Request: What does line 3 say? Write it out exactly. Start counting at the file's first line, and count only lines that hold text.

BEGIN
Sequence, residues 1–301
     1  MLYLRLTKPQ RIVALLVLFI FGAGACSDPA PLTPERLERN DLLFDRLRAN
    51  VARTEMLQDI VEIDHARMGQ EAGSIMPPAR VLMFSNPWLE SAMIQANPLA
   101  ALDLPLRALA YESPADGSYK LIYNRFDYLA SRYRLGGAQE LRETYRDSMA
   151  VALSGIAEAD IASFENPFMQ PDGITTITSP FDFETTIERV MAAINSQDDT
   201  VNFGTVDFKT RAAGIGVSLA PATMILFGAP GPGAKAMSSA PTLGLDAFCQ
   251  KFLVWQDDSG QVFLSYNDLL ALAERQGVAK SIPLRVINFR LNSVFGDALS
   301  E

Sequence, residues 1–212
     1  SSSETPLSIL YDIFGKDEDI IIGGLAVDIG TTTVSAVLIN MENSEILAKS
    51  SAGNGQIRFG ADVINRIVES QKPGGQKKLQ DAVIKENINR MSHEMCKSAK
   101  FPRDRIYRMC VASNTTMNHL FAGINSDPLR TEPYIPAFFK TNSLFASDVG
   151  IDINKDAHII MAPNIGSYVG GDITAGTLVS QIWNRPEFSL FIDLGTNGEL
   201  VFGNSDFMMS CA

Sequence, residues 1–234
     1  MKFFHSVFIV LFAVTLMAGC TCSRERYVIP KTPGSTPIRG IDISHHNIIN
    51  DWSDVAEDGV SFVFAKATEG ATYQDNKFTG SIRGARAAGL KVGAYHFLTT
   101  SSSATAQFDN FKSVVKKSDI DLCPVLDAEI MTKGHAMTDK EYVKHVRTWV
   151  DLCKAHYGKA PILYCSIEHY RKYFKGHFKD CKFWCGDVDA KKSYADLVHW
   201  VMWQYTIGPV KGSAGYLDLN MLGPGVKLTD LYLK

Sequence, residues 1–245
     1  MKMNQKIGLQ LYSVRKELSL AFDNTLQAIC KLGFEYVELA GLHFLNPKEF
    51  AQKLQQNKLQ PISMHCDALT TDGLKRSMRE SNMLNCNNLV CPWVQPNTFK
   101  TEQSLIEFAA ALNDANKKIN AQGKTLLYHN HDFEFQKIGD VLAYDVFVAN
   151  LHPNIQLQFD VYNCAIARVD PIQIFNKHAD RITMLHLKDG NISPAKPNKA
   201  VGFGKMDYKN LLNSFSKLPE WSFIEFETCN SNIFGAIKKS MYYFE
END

    51  VARTEMLQDI VEIDHARMGQ EAGSIMPPAR VLMFSNPWLE SAMIQANPLA